Smoltz standing at uncertain crossroads
Another rough outing leaves question marks about right-hander's future
NEW YORK -- About 30 minutes before the first pitch on Thursday night, John Smoltz was in the depths of this new stadium, tossing a football, his spirals tight, his throws aggressive. It was a way to loosen up for his eighth start this season, against the Yankees in their new home. Unfortunately for Smoltz and the Red Sox, the tossing, be it footballs or, later on in the night, baseballs, did not work out very well.
On a night when a full moon shadowed right field, Smoltz, 42, who possesses an arm that's logged more than 3,400 major league innings, walked off the mound having allowed seven of his last eight batters to reach base, his ERA to bloat to 8.32 and his future to come into question.
"I'm pretty humbled right now," Smoltz said. "Time may not be on my side if this continues. I can't keep doing what I'm doing."
He never said the word "retire"; he never said he was thinking it was over. But when Smoltz was told cameras captured him looking pensive in the dugout, he admitted he couldn't share all he was thinking. When asked if he's confident he'll make his next start, Smoltz had a curious, if not understandable, answer.
"I just want to wake up and go to work tomorrow and see what happens," he said.
He lasted just 3 1/3 innings, but it was an outing full of damage. Boston trailed 5-3 when he left and lost 13-6 to the Yankees, who up until that point had been winless in eight games against the Red Sox this year. The three runners Smoltz left behind all scored. So, for the night, he gave up eight earned runs, walking four. His ineffective outing also helped New York build a 3½-game lead in the AL East on its archrival, who now may be down a starting pitcher.
"Once it went, it seemed to go in a hurry," said manager Terry Francona, who looked downtrodden. "We have a lot of things we need to talk about. When I get done answering questions, I will give [general manager] Theo [Epstein] a call."
This was not how it was supposed to work out. The Red Sox's problem was supposed to be similar to the Phillies: too many starters, not enough spaces. The Smoltz signing, at $5.5 million for this season, was thought of as a keen move. It would not pay off right away (with Smoltz rehabbing his shoulder after surgery last year), but he would be a welcome addition to Boston's staff later in the year.
"The reason that we're acquiring John Smoltz is to put him in a position to get back to 100 percent and dominate in the most important times of year for us,'' said Epstein on the day Smoltz was introduced. "That works backward from October, the stretch run, the second half of the season."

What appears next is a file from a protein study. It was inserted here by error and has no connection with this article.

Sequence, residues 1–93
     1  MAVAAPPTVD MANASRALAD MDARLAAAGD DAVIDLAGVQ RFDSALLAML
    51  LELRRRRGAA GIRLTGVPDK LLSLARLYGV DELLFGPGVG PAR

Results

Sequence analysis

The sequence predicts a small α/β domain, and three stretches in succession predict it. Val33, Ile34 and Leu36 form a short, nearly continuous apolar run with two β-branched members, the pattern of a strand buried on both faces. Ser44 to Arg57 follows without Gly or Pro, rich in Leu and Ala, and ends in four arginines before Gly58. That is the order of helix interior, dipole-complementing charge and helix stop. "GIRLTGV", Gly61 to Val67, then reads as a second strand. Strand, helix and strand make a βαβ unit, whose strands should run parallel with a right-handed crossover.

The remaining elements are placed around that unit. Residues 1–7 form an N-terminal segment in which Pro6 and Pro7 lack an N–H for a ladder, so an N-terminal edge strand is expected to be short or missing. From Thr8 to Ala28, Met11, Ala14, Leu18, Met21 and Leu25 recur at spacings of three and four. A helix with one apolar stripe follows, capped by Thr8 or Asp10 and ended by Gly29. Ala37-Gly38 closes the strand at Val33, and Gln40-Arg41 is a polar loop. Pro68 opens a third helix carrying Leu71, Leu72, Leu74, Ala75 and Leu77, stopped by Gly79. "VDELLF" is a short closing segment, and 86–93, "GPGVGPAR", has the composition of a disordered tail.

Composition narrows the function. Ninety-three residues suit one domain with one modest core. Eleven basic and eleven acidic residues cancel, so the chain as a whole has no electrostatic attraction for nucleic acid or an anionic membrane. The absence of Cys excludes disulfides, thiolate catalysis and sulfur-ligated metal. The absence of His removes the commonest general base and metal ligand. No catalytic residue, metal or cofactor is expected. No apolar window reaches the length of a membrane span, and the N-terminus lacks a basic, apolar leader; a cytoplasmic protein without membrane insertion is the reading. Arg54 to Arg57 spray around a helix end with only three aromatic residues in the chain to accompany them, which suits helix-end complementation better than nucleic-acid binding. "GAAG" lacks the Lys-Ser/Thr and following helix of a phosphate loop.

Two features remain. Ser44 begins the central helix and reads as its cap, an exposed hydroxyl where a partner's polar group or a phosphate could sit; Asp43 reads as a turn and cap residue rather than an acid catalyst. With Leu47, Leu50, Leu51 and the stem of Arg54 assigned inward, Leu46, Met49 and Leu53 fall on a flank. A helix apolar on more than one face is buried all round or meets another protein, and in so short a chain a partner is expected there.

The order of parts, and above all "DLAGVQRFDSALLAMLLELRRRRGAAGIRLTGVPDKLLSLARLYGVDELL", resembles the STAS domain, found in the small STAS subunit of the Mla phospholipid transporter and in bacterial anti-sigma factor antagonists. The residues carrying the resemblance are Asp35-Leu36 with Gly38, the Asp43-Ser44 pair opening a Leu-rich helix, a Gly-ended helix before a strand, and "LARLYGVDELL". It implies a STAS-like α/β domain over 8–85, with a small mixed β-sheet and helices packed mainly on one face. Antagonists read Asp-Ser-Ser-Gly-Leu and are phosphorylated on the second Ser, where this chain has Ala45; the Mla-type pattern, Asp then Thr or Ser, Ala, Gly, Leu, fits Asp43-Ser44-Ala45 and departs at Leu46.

It's now the second half of the season and soon it will be the stretch run. Whether Smoltz will continue to be a member of this staff is now in question, though he said he'd be willing to go to the bullpen as long as he can help the team win. Mark Teixeira, a teammate of Smoltz's last year in Atlanta, said he watched as Smoltz battled his shoulder injury back then.
"I have more respect for John Smoltz because he never gives up," Teixeira said. "Smoltzie is just what a competitor."
When asked whether Smoltz had much left, Teixeira declined to speculate.
It now comes to this: The longest Smoltz has gone this season is six innings, and he's allowed five or more runs in six of his eight starts. The Yankees gave Smoltz one turn through the lineup and then they clobbered him.
"We're swinging the bats really well right now," Yankees reserve Jerry Hairston Jr. said. "Maybe it was him running into a hot team. I'll tell you this: What I find amazing is that veteran players always find a way to come back."
This past offseason, Smoltz threw those same spiral footballs, taping it on video and having his agent send it to prospective teams. He wanted to show that his traveled, surgically repaired arm still could crank out a ball, even if it was made of pigskin.
That video, in part, lured the Red Sox down to Smoltz's Atlanta home this offseason. Eventually, they signed him. The time for showing what he can do with a football has run out; the question now is whether the same can be said for what he can do with a baseball.
Amy K. Nelson is a staff writer for ESPN.com. She can be reached via e-mail at firstname.lastname@example.org.
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